One excursion / upsell to skip – the Pyramids Light & Sound show. It was super cheesy and expensive for the value. I would opt for a restaurant with a view of the pyramids that night and just enjoy a glass of wine overlooking it.

Day 3

A 3am wakeup call started our day in Cairo to get on a local flight out to Luxor. This is arguably one of the coolest days we had on the trip seeing Karnak, Luxor Temple and Avenue of Sphynxes. Karnak was a stranger Hodge podge of architecture than I could’ve imagined, with each successive ruler trying to put their own spin on the temple by adding on each time. The columns inside Karnak are hard to conceptualize in size. Our guide Mohammad was telling us that 100 people could stand comfortably on the top of a column, that is how large the diameter is, and there are 100+ columns inside Karnak! These Egyptians are go big or go home.

Luxor Temple was an undercover surprise as well, with an interesting structure, massive figures and partially converted into a modern day mosque. We were trashed after a 3am wakeup call, so by the end of the Luxor day our resolve was at a low point and we were talked into the “Luxor by Night” horse drawn carriage. It felt like poverty tourism and was quite uncomfortable, wouldn’t recommend. There are many more opportunities to take a horse carriage that aren’t poverty tourism.

Day 4

The Nile Cruise was easily my favorite part of the trip, and Memphis / M.S. Salacia did a great job with dining and happy hours on the boat. Each day our routine was to have breakfast and be out the door by 7 or 8am with the group, and back on the boat to sail by 12 or 1pm. It was an action packed morning each and every day. For Luxor Day 2, we went to Valley of the Kings, a spectacular excavation area of hundreds of Egyptian ruler’s tombs. We were stunned by the hieroglyphics and painted walls being in such great condition and preserved for thousands of years. While the ticket comes with 3 tombs, we paid for an additional one and had to practice calming breaths descending down into the tomb packed with tourists.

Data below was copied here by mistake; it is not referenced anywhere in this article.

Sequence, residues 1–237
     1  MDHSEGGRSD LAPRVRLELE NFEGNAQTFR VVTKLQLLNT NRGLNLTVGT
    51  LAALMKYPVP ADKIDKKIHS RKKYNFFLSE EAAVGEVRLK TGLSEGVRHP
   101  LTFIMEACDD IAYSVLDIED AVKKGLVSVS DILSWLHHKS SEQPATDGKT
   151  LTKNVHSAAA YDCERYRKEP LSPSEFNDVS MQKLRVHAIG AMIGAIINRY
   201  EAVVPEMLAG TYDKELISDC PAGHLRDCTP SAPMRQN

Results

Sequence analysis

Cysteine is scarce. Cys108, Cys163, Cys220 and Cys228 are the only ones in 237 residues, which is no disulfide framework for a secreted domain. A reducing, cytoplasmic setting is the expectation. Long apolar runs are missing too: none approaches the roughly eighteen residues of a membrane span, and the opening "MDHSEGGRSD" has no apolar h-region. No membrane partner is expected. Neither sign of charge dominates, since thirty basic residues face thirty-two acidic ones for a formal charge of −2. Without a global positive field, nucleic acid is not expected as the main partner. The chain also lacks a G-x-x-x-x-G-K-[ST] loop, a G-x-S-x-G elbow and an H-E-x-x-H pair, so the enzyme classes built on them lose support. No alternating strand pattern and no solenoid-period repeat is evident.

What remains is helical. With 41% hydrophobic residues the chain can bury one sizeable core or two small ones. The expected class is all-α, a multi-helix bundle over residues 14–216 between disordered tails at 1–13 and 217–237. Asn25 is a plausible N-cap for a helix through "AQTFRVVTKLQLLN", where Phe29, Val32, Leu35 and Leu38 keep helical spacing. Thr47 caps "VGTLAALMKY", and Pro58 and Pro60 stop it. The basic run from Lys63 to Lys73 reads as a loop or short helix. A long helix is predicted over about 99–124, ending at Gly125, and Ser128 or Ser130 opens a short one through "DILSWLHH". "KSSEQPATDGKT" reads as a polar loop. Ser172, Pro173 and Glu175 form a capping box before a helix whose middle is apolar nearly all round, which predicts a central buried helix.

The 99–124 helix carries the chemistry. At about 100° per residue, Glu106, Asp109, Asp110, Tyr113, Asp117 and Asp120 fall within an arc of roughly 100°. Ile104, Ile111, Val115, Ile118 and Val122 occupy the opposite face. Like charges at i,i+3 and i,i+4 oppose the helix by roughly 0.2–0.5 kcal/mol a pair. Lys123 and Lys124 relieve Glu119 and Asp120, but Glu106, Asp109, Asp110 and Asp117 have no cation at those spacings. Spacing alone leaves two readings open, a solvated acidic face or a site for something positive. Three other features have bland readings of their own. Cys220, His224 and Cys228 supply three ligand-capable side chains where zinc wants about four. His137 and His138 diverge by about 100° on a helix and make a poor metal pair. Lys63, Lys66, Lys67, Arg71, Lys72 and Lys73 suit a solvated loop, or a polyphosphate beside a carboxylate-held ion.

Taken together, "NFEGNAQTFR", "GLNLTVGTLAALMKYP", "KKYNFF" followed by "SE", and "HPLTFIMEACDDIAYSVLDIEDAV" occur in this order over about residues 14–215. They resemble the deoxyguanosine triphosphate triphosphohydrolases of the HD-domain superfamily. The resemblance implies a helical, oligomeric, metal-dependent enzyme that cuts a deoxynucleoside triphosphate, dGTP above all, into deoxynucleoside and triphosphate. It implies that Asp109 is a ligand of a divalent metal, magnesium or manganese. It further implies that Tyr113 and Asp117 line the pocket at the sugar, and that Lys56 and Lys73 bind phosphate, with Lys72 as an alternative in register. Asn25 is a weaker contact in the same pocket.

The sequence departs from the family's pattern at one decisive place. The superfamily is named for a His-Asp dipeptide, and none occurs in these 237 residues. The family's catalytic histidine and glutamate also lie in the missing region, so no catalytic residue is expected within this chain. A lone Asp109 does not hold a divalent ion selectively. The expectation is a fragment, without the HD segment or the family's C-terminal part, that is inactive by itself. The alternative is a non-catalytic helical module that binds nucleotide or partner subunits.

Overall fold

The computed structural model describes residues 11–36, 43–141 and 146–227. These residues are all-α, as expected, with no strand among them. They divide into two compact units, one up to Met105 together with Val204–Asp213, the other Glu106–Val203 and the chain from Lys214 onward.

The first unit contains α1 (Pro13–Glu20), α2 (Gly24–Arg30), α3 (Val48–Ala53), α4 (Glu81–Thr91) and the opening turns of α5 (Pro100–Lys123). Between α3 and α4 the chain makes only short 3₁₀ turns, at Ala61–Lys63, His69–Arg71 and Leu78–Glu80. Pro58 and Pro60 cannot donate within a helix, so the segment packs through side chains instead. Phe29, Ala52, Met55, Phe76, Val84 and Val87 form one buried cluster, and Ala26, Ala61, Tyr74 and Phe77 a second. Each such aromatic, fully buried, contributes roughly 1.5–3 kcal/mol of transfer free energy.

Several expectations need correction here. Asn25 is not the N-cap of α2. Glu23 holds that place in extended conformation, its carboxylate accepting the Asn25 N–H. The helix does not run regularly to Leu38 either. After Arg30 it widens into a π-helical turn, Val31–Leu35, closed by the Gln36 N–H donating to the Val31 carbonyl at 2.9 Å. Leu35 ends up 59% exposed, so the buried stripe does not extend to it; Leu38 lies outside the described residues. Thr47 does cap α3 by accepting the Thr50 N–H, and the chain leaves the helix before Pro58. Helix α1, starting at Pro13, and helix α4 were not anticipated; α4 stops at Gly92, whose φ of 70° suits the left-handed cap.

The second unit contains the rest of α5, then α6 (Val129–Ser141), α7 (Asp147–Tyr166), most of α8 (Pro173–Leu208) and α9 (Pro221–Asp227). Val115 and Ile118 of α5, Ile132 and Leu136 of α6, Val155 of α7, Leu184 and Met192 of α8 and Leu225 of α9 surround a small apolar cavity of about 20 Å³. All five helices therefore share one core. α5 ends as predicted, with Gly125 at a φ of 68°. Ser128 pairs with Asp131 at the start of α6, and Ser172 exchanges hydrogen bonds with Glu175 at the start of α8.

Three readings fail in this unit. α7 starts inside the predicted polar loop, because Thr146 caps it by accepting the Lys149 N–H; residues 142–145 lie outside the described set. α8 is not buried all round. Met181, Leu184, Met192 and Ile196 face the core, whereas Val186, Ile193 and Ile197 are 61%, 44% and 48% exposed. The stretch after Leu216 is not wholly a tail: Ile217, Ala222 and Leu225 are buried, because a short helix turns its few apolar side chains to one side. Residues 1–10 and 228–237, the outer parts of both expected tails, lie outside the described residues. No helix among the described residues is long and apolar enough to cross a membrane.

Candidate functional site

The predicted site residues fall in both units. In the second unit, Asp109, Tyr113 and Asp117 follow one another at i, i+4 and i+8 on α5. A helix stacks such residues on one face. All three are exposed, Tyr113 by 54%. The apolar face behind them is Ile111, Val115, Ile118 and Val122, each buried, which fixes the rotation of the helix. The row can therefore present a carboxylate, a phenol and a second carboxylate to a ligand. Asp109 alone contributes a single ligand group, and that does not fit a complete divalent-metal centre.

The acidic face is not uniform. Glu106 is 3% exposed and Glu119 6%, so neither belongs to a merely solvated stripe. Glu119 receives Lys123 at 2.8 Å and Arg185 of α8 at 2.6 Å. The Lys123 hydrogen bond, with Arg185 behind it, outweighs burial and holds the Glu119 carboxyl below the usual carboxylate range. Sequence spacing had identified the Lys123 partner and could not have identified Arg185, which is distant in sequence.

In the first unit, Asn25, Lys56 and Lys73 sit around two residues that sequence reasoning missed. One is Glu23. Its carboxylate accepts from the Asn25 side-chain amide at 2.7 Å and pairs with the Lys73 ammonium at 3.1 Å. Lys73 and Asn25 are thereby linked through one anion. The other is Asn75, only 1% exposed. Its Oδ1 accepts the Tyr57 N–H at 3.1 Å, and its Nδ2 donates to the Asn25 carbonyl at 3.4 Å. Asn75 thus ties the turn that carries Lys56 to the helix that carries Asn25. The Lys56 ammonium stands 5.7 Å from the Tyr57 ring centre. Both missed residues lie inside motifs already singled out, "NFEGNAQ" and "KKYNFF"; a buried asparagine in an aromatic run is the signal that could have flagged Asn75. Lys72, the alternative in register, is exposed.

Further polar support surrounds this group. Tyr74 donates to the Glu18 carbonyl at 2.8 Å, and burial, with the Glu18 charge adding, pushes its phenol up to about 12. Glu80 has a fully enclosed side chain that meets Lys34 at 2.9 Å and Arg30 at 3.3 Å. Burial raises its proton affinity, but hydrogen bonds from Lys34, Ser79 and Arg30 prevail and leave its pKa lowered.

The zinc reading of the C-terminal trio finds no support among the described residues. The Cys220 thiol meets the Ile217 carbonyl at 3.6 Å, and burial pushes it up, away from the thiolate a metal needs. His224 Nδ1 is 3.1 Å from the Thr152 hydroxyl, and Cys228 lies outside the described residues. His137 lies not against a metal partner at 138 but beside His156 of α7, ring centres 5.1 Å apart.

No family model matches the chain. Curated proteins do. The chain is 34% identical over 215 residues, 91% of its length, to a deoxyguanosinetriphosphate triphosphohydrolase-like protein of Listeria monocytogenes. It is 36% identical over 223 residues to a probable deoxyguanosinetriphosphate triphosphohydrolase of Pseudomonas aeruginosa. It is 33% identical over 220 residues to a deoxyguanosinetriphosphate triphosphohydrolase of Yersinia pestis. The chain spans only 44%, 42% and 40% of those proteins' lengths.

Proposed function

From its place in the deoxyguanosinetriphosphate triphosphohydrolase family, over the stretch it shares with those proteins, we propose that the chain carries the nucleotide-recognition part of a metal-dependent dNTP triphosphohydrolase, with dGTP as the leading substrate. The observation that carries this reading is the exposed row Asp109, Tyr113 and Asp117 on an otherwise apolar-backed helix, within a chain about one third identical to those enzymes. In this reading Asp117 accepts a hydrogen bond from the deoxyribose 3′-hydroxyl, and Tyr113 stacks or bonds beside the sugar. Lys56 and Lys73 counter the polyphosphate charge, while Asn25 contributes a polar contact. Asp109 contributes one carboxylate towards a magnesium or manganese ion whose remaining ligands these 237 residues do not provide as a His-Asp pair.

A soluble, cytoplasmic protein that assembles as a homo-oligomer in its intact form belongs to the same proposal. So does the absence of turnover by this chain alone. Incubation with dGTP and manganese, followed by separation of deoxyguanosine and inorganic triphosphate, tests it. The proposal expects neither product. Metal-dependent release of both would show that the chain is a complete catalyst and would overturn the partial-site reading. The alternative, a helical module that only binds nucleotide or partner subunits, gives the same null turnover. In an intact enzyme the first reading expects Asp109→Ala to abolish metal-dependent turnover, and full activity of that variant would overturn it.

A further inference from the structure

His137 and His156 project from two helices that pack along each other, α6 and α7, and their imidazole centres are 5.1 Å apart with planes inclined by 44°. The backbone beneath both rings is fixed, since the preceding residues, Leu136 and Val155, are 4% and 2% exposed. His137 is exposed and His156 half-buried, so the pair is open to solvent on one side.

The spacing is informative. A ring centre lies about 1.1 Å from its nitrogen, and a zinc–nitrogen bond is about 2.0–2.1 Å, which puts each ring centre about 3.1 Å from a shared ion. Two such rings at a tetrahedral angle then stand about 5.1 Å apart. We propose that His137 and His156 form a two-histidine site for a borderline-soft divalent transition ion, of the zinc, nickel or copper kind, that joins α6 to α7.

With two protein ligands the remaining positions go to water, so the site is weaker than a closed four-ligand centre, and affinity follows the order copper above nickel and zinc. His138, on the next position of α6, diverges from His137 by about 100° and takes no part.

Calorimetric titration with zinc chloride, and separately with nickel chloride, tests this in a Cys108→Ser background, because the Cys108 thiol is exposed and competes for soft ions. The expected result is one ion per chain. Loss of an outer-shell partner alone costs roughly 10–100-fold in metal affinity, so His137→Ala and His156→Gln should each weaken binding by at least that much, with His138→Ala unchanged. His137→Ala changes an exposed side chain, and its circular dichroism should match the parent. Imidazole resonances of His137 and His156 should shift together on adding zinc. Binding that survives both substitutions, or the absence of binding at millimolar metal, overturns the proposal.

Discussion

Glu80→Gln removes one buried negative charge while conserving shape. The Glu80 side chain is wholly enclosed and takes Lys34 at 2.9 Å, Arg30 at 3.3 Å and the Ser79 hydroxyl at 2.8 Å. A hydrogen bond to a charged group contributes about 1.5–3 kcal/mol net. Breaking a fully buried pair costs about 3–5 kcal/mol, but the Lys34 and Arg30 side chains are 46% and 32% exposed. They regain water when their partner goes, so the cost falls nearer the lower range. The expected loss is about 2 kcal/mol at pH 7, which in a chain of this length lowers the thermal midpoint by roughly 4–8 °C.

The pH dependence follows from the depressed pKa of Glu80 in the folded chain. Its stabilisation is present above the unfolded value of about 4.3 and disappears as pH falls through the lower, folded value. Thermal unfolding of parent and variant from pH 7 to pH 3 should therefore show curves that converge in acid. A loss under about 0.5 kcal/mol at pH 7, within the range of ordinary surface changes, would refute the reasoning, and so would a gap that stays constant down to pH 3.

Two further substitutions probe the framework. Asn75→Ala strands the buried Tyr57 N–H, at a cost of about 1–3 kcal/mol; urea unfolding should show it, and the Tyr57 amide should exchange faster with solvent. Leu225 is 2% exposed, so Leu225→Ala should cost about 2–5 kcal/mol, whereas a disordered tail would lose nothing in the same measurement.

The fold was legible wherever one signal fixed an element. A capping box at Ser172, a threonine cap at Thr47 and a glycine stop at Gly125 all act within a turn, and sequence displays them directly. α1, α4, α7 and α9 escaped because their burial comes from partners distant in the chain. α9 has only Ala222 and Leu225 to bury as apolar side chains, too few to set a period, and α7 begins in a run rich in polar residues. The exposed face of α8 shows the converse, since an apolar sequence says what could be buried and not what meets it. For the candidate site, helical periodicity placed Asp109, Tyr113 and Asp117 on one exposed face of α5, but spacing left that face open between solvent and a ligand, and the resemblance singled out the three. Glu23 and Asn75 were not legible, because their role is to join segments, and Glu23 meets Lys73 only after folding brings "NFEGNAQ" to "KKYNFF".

One great lesson (of many) from our tour guide was that of Hatshepsuit. We visited her temple right after Valley of the Kings and she was one of the greatest rulers of Egypt. She dressed up like a man to appease the people she ruled, but it was a time marked with peace, expanding trade operations, and wealth for Egyptians. Our guide was very passionate about telling her story and how Cleopatra is nowhere near the greatness of Hatshepsuit.

Day 5

Wakeup, temple, haul back to boat, cruise, repeat. The Temple of Horus in Edfu was a raucous start to the day. The typical form of transportation is to take a horse drawn carriage from the boat to the temple and back. Some horses are better taken care of than others, but the way our guide tried to manage the safety was limit carriages to 2 people per horse. Some let you pack in the people, but for one horse it isn’t the safest.

The interesting part about the Temple of Horus was the mashup of Egyptian/Greek/Roman influence. You can see over all the temples you visit the different occupations and stylistic elements from other cultures. Each temple follows the same basic formula where each progressive chamber or area is for higher ranking or holier people. The unique aspect that Temple of Horus offered was that it was dual chambered and served as two temples in one.